The Brandenburg Concerto No. 3 in G major is unusual in that it is scored for strings only, divided into nine parts (three each of violins, violas, cellos), plus continuo bass. Though it is completely instrumental, the shape of the opening movement corresponds to that of the da capo (literally, “from the headâ€?) aria that filled Baroque operas: an opening statement (the ritornello) by the full ensemble, then a varied series of treatments of the material, ending in the home key with a restatement of the ritornello. The middle section ends in a contrasting key. In the opera house this contrasting middle section would be followed by a literal repetition of the opening da capo, with elaborate ornamentation on the singer’s part. But in the Brandenburg No. 3, Bach writes out the complete final part because he continues to recast the musical material with different combinations of instruments, and even adds a new countermelody at the beginning of the restatement.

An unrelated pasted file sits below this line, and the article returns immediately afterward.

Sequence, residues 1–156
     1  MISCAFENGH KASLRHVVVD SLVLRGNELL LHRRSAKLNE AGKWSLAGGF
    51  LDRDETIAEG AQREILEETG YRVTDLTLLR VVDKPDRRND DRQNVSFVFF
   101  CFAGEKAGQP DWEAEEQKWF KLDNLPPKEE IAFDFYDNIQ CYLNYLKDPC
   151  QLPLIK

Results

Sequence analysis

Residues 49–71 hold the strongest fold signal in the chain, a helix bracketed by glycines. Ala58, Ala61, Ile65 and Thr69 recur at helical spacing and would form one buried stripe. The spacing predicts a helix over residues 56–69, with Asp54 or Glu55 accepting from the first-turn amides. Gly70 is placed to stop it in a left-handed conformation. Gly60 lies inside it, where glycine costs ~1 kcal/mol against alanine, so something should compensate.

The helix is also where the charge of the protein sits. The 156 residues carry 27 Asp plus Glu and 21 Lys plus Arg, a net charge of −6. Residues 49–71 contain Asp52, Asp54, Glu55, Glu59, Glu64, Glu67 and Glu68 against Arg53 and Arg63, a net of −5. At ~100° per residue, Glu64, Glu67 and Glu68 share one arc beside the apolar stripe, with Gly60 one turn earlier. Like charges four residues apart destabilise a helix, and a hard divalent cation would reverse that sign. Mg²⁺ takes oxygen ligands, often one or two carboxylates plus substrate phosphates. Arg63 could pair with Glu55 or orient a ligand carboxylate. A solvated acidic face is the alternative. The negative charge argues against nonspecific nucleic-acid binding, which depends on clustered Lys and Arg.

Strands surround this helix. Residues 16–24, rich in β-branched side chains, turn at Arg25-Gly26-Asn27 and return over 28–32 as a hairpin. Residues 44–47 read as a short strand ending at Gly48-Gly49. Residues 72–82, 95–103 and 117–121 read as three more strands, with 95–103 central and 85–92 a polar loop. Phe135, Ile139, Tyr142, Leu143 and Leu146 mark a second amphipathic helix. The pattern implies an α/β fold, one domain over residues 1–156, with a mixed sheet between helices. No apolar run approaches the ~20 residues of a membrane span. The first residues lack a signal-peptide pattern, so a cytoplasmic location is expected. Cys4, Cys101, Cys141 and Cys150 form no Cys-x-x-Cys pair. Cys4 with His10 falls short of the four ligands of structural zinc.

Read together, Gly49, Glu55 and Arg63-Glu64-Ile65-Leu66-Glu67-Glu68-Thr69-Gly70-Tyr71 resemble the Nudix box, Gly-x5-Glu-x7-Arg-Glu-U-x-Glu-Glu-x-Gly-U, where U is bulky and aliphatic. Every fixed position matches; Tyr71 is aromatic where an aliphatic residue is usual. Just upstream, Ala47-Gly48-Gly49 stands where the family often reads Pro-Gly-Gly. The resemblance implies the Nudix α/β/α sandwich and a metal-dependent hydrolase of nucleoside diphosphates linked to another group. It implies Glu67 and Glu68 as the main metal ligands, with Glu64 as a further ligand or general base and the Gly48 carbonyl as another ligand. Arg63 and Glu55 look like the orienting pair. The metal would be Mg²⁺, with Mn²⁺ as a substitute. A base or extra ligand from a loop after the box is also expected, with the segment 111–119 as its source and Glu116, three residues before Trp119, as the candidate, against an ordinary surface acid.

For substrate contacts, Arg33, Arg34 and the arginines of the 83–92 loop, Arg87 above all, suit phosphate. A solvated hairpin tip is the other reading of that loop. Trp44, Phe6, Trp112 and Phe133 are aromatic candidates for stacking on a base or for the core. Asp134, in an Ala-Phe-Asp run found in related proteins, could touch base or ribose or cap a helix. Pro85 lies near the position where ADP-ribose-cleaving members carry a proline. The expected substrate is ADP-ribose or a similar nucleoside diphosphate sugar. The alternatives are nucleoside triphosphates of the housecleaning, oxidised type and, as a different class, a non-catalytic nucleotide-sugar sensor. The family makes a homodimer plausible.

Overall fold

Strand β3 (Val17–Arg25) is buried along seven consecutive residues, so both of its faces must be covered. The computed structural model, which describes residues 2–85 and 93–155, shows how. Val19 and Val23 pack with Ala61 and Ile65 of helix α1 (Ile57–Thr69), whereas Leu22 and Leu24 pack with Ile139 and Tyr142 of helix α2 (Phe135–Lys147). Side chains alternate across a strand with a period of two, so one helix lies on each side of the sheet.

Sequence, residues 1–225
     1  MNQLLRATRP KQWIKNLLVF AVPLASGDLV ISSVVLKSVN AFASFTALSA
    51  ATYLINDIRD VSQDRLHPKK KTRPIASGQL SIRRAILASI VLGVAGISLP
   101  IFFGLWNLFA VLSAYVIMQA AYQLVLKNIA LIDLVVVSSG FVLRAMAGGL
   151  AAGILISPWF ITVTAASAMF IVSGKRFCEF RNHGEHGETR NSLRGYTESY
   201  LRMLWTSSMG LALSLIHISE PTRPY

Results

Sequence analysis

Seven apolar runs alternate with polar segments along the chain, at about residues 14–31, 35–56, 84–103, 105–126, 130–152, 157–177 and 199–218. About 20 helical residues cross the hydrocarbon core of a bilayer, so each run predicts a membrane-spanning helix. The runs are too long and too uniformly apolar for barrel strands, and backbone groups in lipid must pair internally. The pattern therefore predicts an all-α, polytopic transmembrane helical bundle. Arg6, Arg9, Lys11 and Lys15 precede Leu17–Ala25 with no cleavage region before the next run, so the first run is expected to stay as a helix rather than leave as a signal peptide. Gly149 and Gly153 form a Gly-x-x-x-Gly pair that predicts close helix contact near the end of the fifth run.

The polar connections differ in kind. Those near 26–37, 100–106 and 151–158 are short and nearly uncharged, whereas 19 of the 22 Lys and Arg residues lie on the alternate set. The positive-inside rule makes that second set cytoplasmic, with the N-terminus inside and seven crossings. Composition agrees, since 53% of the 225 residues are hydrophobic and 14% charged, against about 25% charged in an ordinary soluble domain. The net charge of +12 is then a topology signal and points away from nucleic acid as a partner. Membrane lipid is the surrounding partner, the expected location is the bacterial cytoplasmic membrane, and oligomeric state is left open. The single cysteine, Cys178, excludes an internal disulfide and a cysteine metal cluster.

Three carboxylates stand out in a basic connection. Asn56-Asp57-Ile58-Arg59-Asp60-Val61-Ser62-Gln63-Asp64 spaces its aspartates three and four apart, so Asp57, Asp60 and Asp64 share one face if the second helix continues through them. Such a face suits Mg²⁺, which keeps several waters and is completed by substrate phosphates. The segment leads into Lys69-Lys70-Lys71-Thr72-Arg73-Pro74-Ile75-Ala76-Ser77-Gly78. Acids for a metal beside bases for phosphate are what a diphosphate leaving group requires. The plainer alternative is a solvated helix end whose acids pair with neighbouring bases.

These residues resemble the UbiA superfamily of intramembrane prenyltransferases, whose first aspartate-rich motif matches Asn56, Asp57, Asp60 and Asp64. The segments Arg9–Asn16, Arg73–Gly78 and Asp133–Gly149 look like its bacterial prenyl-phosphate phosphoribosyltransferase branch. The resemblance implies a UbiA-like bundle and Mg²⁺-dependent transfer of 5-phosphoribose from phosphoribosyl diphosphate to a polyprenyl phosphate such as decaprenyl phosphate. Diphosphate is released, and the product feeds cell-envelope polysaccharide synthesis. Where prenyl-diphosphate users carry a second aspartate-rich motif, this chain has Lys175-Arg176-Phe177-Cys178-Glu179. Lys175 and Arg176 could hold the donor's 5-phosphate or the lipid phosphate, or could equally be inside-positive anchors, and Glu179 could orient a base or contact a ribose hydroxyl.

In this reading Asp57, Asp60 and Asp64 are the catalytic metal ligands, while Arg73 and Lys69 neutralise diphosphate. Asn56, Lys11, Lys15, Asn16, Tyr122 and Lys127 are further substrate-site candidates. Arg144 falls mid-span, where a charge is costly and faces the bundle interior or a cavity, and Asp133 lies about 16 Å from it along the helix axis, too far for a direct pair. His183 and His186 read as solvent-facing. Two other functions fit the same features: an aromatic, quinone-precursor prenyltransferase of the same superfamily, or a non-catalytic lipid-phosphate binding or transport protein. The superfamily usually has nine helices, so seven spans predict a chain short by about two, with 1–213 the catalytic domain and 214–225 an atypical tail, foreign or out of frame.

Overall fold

Then comes a mystery: we hear two isolated chords that would normally end the work’s slow movement in the expected E-minor—but there is no slow movement to precede them! This “missing movementâ€? clearly has not been lost, because these two measures appear in Bach’s manuscript right in the middle of a page. Presumably the original performers improvised something over these two sustained chords, and something of the sort often happens today, too, for the lack of any more explicit indication from Bach. It leads directly to the finale, a lively, racing dance movement in binary form—which is to say, in two sections, with each part repeated.